OAKLAND (CBS SF) -- Educators in Oakland on Wednesday renewed a campaign to raise money for the families of immigrants who are not eligible for a federal stimulus check.
StimulusPledge.org is accepting donations to from the public and other educators who want to donate or pledge some or all their stimulus money.
The campaign was started in the spring because many members of immigrant families lost employment or were impacted by COVID-19 and were having trouble paying for their basic needs.
"We were shocked at what our families were going through," said Anita Iverson-Comelo, principal at Bridges Academy at Melrose in East Oakland, which has been disproportionately impacted the coronavirus.
In this latest campaign, educators want to raise $100,000. The previous campaign raised $250,000.
The money has really helped families at Esperanza Elementary School in deep East Oakland, Principal Cristina Segura said.
"We still have many families who are struggling daily," said Segura.
Oakland educators said families are struggling with rent, transportation costs, electric and cellphone bills.
At Melrose Leadership Academy, about 50 percent of students qualify for free or reduced priced lunches, and about half of those families are ineligible for a stimulus check, Principal Brianne Zika said.
She said some families used the money they received from the spring campaign to buy ibuprofen to alleviate COVID-19 symptoms.
The money from the campaign will be distributed based on family need, the educators said at a news conference Wednesday.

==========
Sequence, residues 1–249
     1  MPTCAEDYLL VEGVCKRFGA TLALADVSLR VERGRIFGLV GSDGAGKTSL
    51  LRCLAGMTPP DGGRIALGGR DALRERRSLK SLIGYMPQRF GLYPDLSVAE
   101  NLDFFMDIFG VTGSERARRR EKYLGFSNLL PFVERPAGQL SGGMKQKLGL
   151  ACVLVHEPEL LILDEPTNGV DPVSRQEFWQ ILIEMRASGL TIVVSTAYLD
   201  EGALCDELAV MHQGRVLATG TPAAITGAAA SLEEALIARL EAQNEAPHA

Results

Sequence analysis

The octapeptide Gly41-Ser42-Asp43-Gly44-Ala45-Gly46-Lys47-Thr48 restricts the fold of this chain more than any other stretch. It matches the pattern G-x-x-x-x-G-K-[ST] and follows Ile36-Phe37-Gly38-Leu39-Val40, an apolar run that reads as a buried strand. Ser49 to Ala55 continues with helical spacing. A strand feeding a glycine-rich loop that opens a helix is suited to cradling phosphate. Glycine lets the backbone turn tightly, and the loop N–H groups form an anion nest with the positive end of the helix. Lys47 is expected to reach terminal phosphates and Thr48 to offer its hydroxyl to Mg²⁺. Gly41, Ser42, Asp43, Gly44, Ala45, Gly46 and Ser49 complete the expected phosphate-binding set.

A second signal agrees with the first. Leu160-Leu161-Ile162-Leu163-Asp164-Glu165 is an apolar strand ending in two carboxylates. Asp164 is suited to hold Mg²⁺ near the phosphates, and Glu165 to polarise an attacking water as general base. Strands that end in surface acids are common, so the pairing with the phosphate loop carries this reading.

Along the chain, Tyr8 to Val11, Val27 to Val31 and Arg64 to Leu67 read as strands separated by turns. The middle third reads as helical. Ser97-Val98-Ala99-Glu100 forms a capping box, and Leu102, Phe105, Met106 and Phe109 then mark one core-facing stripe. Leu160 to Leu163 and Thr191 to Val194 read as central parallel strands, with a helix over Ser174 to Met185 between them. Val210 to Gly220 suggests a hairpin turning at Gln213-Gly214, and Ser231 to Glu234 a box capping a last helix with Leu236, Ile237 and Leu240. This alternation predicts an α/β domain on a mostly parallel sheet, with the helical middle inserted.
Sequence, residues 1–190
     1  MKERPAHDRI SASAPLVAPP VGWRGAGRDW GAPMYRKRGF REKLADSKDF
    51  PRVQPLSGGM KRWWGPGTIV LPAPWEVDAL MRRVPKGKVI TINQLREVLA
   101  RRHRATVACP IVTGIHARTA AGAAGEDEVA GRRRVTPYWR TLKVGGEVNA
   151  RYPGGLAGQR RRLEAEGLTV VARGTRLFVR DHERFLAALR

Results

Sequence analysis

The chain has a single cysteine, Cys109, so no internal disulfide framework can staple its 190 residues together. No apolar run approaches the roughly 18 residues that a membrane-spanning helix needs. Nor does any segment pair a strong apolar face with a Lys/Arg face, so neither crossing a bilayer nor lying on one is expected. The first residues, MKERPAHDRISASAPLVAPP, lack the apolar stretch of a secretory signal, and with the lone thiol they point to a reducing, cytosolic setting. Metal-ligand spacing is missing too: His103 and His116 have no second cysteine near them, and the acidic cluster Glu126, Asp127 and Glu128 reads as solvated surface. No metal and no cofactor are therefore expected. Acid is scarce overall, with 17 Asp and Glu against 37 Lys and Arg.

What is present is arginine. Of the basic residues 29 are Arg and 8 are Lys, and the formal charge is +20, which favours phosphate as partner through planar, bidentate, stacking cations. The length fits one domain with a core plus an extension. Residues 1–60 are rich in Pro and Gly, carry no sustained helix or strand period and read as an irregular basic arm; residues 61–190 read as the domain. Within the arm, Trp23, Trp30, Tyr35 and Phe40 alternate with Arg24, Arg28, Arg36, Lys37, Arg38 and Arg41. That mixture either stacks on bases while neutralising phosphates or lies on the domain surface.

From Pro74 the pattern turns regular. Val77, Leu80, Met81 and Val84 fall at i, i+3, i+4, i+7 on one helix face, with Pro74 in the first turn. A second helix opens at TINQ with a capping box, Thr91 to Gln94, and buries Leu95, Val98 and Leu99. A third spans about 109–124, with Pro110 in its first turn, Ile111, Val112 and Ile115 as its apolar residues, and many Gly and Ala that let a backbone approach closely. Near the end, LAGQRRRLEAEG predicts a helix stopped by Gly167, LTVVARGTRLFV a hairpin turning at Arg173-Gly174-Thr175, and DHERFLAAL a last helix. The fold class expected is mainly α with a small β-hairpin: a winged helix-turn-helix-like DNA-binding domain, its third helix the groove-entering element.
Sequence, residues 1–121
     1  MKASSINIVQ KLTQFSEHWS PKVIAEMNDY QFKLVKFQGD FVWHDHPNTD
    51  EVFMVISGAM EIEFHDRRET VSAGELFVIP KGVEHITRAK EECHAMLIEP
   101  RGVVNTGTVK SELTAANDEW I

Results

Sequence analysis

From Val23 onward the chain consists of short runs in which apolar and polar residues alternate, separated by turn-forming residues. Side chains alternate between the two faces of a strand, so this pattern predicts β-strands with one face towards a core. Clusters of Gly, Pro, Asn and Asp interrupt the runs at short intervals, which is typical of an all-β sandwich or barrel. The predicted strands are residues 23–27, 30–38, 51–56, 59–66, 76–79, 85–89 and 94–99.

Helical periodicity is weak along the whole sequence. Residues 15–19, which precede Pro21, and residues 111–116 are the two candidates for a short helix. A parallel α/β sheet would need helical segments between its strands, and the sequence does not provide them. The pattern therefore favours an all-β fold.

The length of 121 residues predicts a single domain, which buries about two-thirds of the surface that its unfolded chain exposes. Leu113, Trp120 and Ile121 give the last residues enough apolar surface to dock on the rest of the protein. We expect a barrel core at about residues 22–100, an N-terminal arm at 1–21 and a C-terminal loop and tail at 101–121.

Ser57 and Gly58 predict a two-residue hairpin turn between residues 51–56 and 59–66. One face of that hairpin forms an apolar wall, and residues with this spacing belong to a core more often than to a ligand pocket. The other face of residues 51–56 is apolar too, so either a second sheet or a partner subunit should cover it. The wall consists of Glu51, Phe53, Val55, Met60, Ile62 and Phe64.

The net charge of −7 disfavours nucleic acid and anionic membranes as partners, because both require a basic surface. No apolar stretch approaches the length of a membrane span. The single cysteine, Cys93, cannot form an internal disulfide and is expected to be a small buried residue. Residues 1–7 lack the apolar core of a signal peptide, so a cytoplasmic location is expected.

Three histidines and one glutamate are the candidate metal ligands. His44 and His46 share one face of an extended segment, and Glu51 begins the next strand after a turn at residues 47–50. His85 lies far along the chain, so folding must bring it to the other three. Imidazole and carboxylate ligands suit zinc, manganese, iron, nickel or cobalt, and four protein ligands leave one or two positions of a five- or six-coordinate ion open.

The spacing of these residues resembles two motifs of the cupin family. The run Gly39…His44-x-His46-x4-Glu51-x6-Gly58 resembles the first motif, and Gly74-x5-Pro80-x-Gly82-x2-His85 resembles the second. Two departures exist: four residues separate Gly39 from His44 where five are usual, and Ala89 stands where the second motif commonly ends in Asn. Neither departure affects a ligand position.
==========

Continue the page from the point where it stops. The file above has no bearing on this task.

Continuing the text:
Two mothers spoke at the news conference. Delia Ramos Ocegueda said she used the money she received to pay rent and buy food. She has a brain tumor.
"Being able to receive these funds has helped a lot," she said through a translator.
Abi Chapas used the money to catch up on five months of back rent. Another family used the money to keep their water from being turned off.
"There's a continuous need for support," said Jessica Jung, a third-grade teacher at Bridges Academy at Melrose.
She said paying a cellphone bill is a necessity and an emergency issue, too. In addition, a lot of important messages go out by text, she said.
"So many of my students' families who I've talked with are under tremendous financial stress and have absolutely no money left," said Cassandra Chen, a middle school teacher at United for Success Academy in East Oakland. "Whatever resources that were available to immigrant families in this crisis have dried up or are not accepting new applicants."
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